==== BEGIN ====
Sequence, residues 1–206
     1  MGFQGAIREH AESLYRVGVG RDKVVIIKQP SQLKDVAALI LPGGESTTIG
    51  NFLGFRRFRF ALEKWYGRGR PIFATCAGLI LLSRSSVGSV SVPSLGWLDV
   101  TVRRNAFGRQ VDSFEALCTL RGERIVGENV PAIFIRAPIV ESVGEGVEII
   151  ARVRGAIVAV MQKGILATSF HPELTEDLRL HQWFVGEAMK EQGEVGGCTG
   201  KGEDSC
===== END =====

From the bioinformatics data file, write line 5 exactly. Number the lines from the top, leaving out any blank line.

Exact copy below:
   151  ARVRGAIVAV MQKGILATSF HPELTEDLRL HQWFVGEAMK EQGEVGGCTG